Scottish Modern Apprentices working on the Fuel Change Challenge are zooming into Sprint 3 in an effort to develop innovative low carbon solutions to real issues currently being faced by industry.
Now 20 original ideas enter this final sprint and will be presented to a panel of industry experts for them to decide which concepts should proceed to the National Showcase. The teams will receive guidance and support from individually allocated mentors as they look to develop their good ideas into great. The mentors have volunteered from wider industry attracted by the diverse array of challenges and solutions delivered so far by this next generation of problem solvers.
Launched on Monday 7 September, the Fuel Change Challenge initially encouraged Modern Apprentices (MAs) to tackle real carbon challenges set by a range of industry partners from the private sector. And then in October, Foundation Apprentices (FAs) were invited to join in them on the project.
Around 230 MAs in 38 teams began the search for their ideal solutions and this has now been whittled down to 140 MAs in 20 teams who have been given the green light to use their creativity and ingenuity to help tackle climate change
The Fuel Change Challenge has proved to be so successful that organisers are already keen for teams of MAs and FAs and their employers – from all industries across Scotland not just construction and engineering – to register their interest for this year’s challenge. Register your interest at www.fuelchange.co.uk
The aim of the project is to hit the target of a low carbon Scotland and create real, practical solutions which can not only be implemented by the partner companies, but potentially be implemented across the world and make a real difference to climate change.
Five major companies initially supported the initiative including: Alexander Dennis Limited (ADL), BAM Nuttall, Scottish Power Energy Networks, National Manufacturing Institute Scotland (NMIS), and Spirit Aerosystems and all have submitted challenges to work on.
After Sprint 1 the teams were asked only to come back with their selected challenge from the six offered. However a number went so much further, already starting to develop eye-catching ideas as they headed into Sprint 2. These included creating a decommissioning yard for aircraft at Prestwick Airport – which suggested a series of innovative new businesses generated from materials recovered and using digital twinning to identify means to reduce energy in manufacturing plants. It would also create energy surplus from local innovative generators, to feed back into the grid.
Now Sprint 3 has seen these ideas really take shape and be developed as they go before an expert judging panel.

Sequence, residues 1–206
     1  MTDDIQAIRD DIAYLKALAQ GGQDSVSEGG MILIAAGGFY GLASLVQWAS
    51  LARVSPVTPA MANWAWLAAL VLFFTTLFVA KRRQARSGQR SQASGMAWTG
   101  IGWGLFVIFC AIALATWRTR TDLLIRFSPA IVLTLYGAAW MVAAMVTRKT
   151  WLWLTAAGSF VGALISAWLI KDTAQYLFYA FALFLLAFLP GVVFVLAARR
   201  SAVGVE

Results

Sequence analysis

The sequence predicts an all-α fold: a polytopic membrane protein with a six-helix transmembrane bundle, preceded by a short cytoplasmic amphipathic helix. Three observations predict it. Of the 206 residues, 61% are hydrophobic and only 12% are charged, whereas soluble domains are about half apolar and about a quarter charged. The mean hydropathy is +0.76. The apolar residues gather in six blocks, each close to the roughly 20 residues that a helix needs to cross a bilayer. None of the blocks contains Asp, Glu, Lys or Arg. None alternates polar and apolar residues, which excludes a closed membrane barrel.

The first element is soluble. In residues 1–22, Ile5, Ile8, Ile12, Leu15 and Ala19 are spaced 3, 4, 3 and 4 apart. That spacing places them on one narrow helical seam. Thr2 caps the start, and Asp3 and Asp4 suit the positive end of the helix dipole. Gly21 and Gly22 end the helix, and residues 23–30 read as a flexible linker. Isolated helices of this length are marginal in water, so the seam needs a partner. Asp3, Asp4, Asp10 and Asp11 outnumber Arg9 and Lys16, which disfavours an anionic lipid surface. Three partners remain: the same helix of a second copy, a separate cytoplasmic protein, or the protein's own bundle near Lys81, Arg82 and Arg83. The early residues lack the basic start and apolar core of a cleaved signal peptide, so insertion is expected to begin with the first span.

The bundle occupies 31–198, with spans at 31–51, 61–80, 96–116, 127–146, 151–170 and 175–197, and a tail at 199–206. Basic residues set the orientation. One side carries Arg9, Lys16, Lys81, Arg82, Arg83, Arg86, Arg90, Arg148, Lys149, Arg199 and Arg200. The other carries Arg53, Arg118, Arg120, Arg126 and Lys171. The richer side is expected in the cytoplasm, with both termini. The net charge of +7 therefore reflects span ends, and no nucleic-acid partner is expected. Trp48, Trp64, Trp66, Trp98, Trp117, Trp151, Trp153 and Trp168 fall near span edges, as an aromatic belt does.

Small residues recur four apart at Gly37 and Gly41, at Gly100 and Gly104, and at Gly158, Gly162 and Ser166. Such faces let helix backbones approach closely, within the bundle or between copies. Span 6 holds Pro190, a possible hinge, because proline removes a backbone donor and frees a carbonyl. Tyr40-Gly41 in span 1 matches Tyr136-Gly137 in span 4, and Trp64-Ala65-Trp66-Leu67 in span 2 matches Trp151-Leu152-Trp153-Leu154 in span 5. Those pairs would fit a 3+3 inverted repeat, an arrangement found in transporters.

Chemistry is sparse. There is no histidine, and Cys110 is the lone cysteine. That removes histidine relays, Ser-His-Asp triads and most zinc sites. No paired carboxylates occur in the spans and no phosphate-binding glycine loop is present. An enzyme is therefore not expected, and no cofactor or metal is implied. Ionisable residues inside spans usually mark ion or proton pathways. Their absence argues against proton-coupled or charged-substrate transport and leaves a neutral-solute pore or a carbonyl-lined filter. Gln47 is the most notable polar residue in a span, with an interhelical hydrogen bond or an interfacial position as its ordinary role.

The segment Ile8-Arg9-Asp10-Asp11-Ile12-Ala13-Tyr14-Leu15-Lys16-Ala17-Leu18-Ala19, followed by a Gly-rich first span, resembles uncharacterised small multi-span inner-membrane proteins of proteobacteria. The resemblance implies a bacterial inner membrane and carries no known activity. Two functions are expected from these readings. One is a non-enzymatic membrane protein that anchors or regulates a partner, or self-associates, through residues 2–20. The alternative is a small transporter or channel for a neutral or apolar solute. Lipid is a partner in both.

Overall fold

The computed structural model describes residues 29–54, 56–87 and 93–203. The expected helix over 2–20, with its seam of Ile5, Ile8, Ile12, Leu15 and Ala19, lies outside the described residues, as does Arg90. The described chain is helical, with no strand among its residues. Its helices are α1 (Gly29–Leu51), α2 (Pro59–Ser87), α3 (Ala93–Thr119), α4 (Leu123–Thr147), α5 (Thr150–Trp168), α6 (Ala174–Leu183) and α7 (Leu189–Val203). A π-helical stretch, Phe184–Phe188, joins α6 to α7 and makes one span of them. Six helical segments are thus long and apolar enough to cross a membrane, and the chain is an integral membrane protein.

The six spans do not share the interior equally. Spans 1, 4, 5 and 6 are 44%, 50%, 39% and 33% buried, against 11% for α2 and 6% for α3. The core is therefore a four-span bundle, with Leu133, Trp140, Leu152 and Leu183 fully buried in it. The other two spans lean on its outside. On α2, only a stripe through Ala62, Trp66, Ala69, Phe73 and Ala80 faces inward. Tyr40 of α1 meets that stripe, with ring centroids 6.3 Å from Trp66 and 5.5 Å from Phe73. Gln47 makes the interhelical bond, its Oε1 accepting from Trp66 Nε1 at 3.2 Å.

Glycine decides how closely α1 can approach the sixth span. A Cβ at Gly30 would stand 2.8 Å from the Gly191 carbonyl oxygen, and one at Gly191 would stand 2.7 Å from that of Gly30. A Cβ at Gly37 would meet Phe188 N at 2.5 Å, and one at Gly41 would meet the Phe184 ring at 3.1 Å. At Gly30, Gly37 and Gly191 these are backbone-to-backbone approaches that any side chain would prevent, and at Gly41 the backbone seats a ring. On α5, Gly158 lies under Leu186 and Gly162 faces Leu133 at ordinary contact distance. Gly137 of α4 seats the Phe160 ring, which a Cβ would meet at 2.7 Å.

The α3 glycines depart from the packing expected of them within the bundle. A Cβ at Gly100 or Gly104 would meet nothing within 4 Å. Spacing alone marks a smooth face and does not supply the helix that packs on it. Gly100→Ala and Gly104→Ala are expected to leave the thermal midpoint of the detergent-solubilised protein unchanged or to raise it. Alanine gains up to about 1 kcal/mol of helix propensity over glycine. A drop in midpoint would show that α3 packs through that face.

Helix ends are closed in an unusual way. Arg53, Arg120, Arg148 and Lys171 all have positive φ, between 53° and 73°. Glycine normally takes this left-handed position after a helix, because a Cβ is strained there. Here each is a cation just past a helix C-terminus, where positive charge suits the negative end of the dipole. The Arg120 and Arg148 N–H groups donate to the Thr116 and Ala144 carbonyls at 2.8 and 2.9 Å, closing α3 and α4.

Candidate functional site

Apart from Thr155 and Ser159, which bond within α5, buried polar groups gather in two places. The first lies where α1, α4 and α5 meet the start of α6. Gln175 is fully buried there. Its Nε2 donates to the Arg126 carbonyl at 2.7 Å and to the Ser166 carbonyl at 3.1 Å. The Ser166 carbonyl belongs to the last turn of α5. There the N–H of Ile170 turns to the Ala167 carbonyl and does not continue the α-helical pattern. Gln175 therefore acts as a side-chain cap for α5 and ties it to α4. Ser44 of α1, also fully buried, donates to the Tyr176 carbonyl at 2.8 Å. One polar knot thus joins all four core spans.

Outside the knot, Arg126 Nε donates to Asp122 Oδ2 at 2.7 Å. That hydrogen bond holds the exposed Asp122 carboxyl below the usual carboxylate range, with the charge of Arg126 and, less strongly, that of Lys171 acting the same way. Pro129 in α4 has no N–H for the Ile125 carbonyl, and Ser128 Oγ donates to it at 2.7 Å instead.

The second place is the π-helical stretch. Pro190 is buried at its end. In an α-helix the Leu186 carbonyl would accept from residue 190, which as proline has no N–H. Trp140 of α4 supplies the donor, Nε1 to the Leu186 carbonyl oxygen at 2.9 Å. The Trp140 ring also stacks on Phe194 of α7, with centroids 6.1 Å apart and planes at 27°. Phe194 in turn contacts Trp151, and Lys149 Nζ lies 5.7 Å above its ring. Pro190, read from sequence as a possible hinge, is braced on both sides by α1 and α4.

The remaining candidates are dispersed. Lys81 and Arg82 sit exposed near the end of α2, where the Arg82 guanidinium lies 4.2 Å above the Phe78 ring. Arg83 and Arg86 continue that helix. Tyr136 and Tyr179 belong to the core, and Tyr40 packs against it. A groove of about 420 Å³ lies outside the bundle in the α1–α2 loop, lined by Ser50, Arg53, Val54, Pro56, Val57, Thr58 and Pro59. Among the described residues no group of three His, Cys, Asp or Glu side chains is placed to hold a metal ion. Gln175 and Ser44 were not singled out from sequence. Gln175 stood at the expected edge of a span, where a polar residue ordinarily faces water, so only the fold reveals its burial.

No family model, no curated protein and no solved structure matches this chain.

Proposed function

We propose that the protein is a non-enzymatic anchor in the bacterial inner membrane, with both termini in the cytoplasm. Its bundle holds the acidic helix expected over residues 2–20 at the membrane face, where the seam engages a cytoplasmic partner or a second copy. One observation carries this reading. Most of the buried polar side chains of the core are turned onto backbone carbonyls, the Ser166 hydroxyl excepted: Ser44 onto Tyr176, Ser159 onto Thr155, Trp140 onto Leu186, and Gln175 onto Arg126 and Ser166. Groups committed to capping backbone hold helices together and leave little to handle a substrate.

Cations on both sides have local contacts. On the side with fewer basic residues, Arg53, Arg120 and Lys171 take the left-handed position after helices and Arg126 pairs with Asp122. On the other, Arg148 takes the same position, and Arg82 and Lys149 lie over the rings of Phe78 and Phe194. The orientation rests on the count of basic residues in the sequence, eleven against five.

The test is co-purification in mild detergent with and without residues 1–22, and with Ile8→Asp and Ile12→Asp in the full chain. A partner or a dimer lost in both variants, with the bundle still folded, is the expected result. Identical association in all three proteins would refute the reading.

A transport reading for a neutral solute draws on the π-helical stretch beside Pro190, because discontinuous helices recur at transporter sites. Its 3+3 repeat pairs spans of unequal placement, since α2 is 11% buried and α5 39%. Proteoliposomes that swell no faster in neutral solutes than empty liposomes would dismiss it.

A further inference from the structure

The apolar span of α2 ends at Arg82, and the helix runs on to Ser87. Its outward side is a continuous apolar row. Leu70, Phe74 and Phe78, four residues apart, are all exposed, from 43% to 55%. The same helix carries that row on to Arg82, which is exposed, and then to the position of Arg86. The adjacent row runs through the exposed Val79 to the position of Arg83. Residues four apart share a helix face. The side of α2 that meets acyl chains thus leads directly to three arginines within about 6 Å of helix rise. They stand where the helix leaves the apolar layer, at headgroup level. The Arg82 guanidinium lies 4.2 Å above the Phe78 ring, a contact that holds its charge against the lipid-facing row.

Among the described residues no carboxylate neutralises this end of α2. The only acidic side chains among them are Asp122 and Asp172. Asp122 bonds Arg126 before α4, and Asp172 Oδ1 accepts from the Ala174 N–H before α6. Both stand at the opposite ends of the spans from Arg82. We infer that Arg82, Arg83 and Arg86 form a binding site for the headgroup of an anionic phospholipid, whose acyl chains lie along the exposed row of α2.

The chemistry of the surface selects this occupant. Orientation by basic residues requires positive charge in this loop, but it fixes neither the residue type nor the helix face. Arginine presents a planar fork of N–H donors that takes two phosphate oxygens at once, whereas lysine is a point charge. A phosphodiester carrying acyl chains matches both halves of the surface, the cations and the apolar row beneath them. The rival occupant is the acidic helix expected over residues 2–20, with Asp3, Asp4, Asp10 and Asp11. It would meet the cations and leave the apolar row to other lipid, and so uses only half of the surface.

Challenges are focused around barriers to a low carbon economy or opportunities to create a product or service, which could develop a low carbon market offering.
A selection of the ideas in development include:
Oxygen Savers MAs from Ayrshire, have been developing how industrial seaweed farming could offset carbon and be used in several processes as well as being a food source. They have also been researching how coral reef could benefit from replanting.
Glaxo Smith Kline MAs based at Forth Valley College are working on a possible replacement for concrete and fellow MAs from the same college who work for SP Energy Networks are working on a trams system using a hybrid vehicle.
Several MA teams from Spirit Aerosystems who attend Ayrshire College are working on varying uses for old aircraft fuselages including: glamping pods and community centres and storage units for villages in developing countries.
Great minds think alike as a MA team from Edinburgh Airport based ay Forth Valley College have, independently, proposed that old airplane fuselages could be recycled and used as homeless shelters in the UK.
The wings of old aircraft are the focus for A&P Group MAs also working through Forth Valley College, who are looking to see if they could be used to help generate electricity on Scottish lochs.
DSM Nutritional Products MAs attending West College are working on three concepts looking into carbon lithium battery technology and the use of yeast as a biofuel.
GE Troops team of MAs from Ayrshire are looking at the viability of utilising tidal/wave power around existing oil rigs, which could generate electricity even after the oil has been extracted.
And a group of Alexander Dennis apprentices are taking on their company’s very own challenge of a conversion of busses in the Falkirk area to electricity and a re-cast of the area’s network services.
Apprentices have brought a unique practical perspective to solutions, different to many other innovation challenges before, and expert insight into the operations and processes of an organisation and how their ideas could be applied in the real world.
The initiative is being funded by the Scottish Funding Council and Skills Development Scotland and is being widely backed by Scottish Colleges with four ‘hub’ colleges driving participation and encouraging their partner employers and apprentices to get involved; Forth Valley College, North East Scotland College, Fife College and Ayrshire College.